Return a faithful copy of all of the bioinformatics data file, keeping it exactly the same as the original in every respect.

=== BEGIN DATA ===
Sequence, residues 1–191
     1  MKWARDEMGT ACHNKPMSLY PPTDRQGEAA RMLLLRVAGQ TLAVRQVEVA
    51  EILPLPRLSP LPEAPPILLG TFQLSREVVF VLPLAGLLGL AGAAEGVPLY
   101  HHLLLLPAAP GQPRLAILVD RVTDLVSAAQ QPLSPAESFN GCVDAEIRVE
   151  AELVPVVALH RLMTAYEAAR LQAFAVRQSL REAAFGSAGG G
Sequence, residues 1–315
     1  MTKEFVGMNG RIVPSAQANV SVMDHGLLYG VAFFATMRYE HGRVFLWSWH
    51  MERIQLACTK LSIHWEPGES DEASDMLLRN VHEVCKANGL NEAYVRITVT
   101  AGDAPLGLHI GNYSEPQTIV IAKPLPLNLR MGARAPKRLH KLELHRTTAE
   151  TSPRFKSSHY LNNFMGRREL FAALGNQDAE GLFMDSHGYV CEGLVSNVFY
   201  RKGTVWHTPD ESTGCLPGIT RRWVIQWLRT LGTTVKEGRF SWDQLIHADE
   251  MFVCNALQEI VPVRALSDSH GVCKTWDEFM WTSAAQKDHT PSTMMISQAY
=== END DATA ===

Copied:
Sequence, residues 1–191
     1  MKWARDEMGT ACHNKPMSLY PPTDRQGEAA RMLLLRVAGQ TLAVRQVEVA
    51  EILPLPRLSP LPEAPPILLG TFQLSREVVF VLPLAGLLGL AGAAEGVPLY
   101  HHLLLLPAAP GQPRLAILVD RVTDLVSAAQ QPLSPAESFN GCVDAEIRVE
   151  AELVPVVALH RLMTAYEAAR LQAFAVRQSL REAAFGSAGG G
Sequence, residues 1–315
     1  MTKEFVGMNG RIVPSAQANV SVMDHGLLYG VAFFATMRYE HGRVFLWSWH
    51  MERIQLACTK LSIHWEPGES DEASDMLLRN VHEVCKANGL NEAYVRITVT
   101  AGDAPLGLHI GNYSEPQTIV IAKPLPLNLR MGARAPKRLH KLELHRTTAE
   151  TSPRFKSSHY LNNFMGRREL FAALGNQDAE GLFMDSHGYV CEGLVSNVFY
   201  RKGTVWHTPD ESTGCLPGIT RRWVIQWLRT LGTTVKEGRF SWDQLIHADE
   251  MFVCNALQEI VPVRALSDSH GVCKTWDEFM WTSAAQKDHT PSTMMISQAY